First impression on unpacking the Q702 test unit was the solid feel and clean, minimalist styling.
A member of Sony's line of dye-sublimation photo printers, the DPP-FP50 is a sleek little unit designed to look stylish yet unobtrusive in your living room. And why would you want it in your lounge? Because it features an AV port and a remote control, which let you hook it up to your TV to turn it into your own photo lab. With built-in software you can do basic editing and enhancements, such as red-eye reduction, cropping, rotating and adjusting brightness and sharpness, on the TV screen. You can also add text and fancy borders, if you wish, and run slide shows and then print any photo in the slide show with the remote.
- Good connectivity, aesthetically pleasing, fast printing, excellent image quality
- High print costs
The Sony's design, features and quality prints make it a fine choice. If Sony could get the cost per print down, it would be a must-have product.
Price$ 300.00 (AUD)
The Sony has some of the best connectivity options on offer. There are built-in card readers for Memory Stick, CompactFlash and SD cards; a PictBridge port to connect a camera; the TV-out option; and a USB port to connect the printer to a PC (Sony's PictureGear software is supplied). For standalone printing, a control panel with buttons and monochrome LCD lets you navigate options.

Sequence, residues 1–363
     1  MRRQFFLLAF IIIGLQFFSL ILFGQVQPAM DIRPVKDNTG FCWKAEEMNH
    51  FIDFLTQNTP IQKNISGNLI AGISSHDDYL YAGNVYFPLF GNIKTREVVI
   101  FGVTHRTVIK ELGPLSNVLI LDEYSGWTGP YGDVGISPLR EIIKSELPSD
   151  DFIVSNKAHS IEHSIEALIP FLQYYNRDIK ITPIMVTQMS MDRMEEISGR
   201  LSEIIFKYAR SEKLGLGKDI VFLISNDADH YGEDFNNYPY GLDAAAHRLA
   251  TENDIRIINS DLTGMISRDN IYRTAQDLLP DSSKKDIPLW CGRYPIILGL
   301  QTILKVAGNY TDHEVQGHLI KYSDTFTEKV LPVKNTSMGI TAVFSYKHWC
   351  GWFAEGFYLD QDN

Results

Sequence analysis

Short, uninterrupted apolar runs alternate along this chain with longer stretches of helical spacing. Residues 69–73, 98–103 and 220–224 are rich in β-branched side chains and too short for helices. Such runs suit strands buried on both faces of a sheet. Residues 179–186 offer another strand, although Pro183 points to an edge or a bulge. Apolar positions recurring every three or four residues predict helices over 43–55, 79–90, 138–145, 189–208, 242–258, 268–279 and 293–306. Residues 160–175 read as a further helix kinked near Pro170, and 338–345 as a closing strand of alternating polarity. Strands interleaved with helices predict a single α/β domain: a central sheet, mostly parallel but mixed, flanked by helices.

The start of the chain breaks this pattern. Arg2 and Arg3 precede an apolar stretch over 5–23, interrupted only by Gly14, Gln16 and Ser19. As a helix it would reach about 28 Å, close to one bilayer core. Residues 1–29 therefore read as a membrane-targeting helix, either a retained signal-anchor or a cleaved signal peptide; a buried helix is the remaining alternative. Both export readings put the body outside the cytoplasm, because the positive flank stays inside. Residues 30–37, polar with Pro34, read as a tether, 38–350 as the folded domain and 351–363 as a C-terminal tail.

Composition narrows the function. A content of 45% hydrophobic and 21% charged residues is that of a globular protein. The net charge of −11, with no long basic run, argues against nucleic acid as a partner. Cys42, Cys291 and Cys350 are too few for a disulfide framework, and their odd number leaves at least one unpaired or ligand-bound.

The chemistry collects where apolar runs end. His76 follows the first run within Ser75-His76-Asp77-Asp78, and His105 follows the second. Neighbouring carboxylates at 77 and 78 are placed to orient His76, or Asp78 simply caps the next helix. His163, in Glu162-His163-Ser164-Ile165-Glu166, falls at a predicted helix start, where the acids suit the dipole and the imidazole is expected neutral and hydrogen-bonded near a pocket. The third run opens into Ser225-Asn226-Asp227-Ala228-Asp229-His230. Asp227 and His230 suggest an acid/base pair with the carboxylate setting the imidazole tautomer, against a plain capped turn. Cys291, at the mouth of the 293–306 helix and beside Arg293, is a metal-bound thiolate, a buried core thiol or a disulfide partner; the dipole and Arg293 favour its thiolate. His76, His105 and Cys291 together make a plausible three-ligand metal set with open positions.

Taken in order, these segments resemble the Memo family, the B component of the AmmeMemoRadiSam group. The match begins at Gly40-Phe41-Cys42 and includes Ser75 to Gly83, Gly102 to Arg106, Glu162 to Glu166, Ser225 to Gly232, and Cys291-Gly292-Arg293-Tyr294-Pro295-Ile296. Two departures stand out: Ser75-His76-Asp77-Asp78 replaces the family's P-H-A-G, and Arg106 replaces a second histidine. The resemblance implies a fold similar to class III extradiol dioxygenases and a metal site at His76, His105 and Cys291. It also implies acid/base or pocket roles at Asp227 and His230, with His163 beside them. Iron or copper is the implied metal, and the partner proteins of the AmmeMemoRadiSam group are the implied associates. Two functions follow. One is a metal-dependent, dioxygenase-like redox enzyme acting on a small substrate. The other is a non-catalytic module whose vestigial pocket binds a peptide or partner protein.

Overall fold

All of this makes the DPP-FP50 a better option for owners of non-Kodak (or other ImageLink-compatible) cameras who want the excellent image quality of a dye sublimation printer. In our testing, the Sony printed superb quality photos at a very high speed. On average speed, it took 1 minute 13 seconds to produce a 4" x 6" print.
The Sony's has high print costs: at the time of writing, a 40-sheet paper/cartridge kit cost $44.95, for an average print cost of $1.12. If you buy the 80-sheet pack for $79 the cost drops slightly to 99 cents per print.
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GGG Evaluation Team
For work use, Microsoft Word and Excel programs pre-installed on the device are adequate for preparing short documents.
The Fujitsu LifeBook UH574 allowed for great mobility without being obnoxiously heavy or clunky. Its twelve hours of battery life did not disappoint.
The screen was particularly good. It is bright and visible from most angles, however heat is an issue, particularly around the Windows button on the front, and on the back where the battery housing is located.
My first impression after unboxing the Q702 is that it is a nice looking unit. Styling is somewhat minimalist but very effective. The tablet part, once detached, has a nice weight, and no buttons or switches are located in awkward or intrusive positions.
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